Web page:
It is called disruptive because most breakthroughs are initially disruptive to the organization. It requires people to think and do things differently. Perhaps that is the reason most companies avoid breakthroughs. Disruptions are problems if you are not skilled at managing yourself and others. It is the reason they are not a matter of luck. Without structures to support breakthroughs, they just look like problems. And most people just want to get rid of problems. Therefore, there is a certain mindset needed to effectively manage breakthroughs.

Throughout my 20 years as an international traveler, C-Level executive, sales trainer, trusted advisor to C-Level executives, and record-breaking performance as an athlete, I have distinguished patterns in my performance as well as the extraordinary performance of others.

Here is how I have distinguished the elements of the model. Although the whole is greater than the parts, if you remove a part, the value will be diminished.

Responsibility is the ability to identify oneís contribution to an outcome, whether a success or failure. Realize that you individually have a purpose in achieving the outcome. And what you do or donít do can impact final results. This includes what you say and donít say.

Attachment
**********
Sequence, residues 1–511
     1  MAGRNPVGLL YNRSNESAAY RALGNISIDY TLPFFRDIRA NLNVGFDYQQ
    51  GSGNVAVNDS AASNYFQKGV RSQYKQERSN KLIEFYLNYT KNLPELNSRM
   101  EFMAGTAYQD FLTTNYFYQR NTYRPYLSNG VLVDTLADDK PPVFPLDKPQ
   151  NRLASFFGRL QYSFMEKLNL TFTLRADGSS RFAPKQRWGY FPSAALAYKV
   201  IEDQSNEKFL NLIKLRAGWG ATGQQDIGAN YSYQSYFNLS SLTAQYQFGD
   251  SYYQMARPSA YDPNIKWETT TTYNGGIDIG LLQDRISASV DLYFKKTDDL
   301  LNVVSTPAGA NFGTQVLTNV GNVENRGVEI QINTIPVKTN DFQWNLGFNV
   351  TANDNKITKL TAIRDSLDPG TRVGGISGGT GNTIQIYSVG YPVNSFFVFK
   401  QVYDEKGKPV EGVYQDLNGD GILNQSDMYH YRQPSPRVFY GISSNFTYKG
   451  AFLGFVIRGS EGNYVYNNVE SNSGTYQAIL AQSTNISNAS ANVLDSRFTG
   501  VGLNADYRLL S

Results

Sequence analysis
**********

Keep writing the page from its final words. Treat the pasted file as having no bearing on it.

Accountability is taking ownership. It is the segment of the project one will own. Whether you are overseeing operations or contributing to them.

Integrity is when your actions reflect or are correlated with what you say. If you say you will do something, do it when you said and the way you said. If there is a reason you can no longer fulfill the task on time, communicate that to the appropriate parties immediately. High integrity dissolves mysteries in projects. Oftentimes, people expect you to just know what and when they will accomplish a task. High integrity requires you to say what and when you will do something and then keep your word.